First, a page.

Toronto is a magnet for aspiring young artists hoping to make it in the big smoke. Most days it feels like the 6ix is positively bursting at the seams with young artists, designers, filmmakers, actors and comedians busting their humps to make their dreams come true. She Does The City chatted with some of the most exciting and talented up-and-coming artists living and working in Toronto to find out what inspires them, how they deal with setbacks and what stops them from jacking it all in and getting a normal job.
For this installment, we caught up with Emily Richardson.
SDTC: Tell us a little bit about yourself. Who are you and what do you do?
ER: I’m Emily Richardson. I’m an improviser, actress and writer.
It can be tough to forge a career as a comedian-writer-actor. What has stopped you from quitting and doing something more stable?
Actually, the great struggle was admitting that this was what I wanted to do. I was embarrassed to tell people. Because what if I failed? What would they think of me? I moved to Toronto in 2010 with the secret dream of getting into comedy, but I didn’t take my first Second City class for another three years. So it took a while to get over that anxiety. But now that I’m in the community, I’m never going back.
Did you always know you wanted to be a comedian-writer-actor? What did you want to be when you were a teenager?
I was obsessed with TV. I was terrible at sports and quit every extra-curricular ever, so after school I’d race home and watch my favourite shows. Seinfeld, Frasier, Just Shoot Me (totally underrated), Friends, Kids in the Hall, Degrassi Junior High, SCTV, Buffy, and loads more. My dream was to play a quirky secretary on a sitcom. The type who’s bad at her job and just insults her co-workers all day.
What inspires the things you write, the characters you create?
Real life. I have a bunch of notes in my iPhone. The last one just says, “Guys who fist bump.” Is that anything?
What moment in your career are you most proud of?
I’m proud of my music video Hide Your Crazy. I like the feminist message and the fact that I got to sing about poo. Making it was a great learning experience, and I got to work with a team of talented, hilarious women.
It was directed by my best friend Rebecca Whitaker, and since then we’ve officially become creative partners. No more dicking around/waiting for magic to happen. Our next video is about to be released, and we hope to do another two or three by the end of the year.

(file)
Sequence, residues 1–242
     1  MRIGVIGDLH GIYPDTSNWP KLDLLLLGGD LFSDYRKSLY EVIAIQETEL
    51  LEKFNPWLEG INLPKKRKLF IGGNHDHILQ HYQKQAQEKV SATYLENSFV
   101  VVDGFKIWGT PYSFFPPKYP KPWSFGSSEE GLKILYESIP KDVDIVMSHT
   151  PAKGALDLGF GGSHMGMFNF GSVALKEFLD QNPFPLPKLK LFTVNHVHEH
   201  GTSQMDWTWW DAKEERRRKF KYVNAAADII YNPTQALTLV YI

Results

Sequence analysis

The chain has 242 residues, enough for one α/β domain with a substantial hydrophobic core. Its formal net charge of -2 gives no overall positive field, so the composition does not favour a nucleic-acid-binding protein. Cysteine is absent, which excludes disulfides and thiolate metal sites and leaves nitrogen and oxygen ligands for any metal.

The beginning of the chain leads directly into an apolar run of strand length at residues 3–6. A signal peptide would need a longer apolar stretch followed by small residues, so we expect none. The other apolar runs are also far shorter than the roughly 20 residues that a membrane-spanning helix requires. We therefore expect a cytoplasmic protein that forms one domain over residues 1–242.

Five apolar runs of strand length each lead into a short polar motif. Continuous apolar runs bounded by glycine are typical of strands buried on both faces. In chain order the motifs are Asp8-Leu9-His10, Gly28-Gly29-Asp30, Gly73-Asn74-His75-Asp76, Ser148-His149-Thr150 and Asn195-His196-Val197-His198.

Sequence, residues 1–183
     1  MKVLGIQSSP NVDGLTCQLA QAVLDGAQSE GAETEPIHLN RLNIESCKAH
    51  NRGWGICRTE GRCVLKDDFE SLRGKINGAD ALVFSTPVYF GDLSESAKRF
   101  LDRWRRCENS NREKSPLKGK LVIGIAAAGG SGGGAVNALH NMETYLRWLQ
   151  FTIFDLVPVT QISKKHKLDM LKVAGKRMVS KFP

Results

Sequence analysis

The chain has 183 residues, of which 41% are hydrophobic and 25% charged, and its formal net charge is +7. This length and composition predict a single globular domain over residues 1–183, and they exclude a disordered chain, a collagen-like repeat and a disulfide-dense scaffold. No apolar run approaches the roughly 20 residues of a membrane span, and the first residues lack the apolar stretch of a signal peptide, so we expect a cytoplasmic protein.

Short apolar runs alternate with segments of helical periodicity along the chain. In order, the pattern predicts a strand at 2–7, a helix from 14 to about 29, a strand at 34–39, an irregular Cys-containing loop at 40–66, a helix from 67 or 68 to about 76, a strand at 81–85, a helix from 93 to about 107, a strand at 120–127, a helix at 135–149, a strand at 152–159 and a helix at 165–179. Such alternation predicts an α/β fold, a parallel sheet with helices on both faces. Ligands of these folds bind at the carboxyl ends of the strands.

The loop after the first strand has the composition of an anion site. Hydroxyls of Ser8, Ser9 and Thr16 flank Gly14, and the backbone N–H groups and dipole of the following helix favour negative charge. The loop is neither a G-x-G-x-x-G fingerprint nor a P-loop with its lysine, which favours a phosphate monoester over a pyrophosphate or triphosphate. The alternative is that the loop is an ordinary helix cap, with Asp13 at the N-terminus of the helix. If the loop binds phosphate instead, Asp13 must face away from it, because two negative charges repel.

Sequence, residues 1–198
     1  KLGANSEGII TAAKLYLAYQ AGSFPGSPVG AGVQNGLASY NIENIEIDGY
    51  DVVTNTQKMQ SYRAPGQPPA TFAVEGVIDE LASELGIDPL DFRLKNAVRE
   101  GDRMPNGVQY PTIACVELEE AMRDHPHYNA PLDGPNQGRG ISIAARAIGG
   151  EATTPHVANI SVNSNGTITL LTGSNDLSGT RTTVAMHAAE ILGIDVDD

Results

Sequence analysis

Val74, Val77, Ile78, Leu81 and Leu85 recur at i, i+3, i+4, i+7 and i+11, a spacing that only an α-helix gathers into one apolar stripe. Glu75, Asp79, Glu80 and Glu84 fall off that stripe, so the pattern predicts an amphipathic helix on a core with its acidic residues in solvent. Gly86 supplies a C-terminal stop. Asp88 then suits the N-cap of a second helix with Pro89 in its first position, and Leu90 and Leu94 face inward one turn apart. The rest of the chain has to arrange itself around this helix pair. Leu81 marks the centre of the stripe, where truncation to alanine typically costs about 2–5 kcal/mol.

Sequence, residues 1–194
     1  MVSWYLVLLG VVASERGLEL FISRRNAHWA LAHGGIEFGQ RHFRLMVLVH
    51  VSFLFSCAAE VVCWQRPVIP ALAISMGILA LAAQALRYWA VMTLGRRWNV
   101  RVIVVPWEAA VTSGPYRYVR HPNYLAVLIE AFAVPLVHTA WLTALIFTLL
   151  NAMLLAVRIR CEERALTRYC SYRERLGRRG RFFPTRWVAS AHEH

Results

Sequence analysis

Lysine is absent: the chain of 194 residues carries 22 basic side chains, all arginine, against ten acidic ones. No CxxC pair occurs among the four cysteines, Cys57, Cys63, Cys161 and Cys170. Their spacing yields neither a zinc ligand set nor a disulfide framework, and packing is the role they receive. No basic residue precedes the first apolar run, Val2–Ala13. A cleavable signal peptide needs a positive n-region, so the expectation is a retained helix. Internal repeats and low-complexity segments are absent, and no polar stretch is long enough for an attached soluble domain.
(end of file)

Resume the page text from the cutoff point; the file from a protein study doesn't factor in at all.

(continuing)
How do you deal with career setbacks?
You have to not take it personally. It’s hard not to, since your art is YOU. So it feels like they’re rejecting YOU. But I’m getting better at the hurt feelings part of it and moving forward.
Improv has helped tremendously. Because sometimes you bomb. And it feels really bad in the moment, but five minutes later, nobody remembers or cares. Everybody’s focused on themselves.
What piece of career advice has stuck with you?
“No shame, no pride” from Deborah Bernstein, my instructor at Humber who has been in the Canadian TV game forever!
Also, any interview with Carrie Fisher is inspiring. Check out her 2011 Oprah interview on YouTube. My favourite part is when Debbie Reynolds says she just wants Carrie to be happy, and Carrie replies that “happy” is one of many emotions she feels on a daily basis. Basically she’s saying there’s no perfect self-actualized happiness, and your life and career will be a constant struggle. That really struck a chord with me. Stop expecting perfection.
What advice do you have for an aspiring comedian-writer-actor?
Nobody’s gonna achieve your dreams for you. You can sit there and judge everybody else and whine about how so-and-so’s success is unfair, but it will only turn you into a bitter woe-is-me-er. And people don’t wanna be around that energy. They don’t want to work with whiney babies. Babies are for growing in your belly and being cute in a stroller, not for creative collaboration.
What do you hope to achieve in your career in 2017?
My New Year’s resolution was to own my shit and not do that whole modest/blushing thing a lot of women are trained to do. The anxiety over whether people liked me was freezing my work ethic. I didn’t want to be seen as cocky. But in the words of the great Rihanna: “Man, fuck your pride.” Because it was getting me nowhere.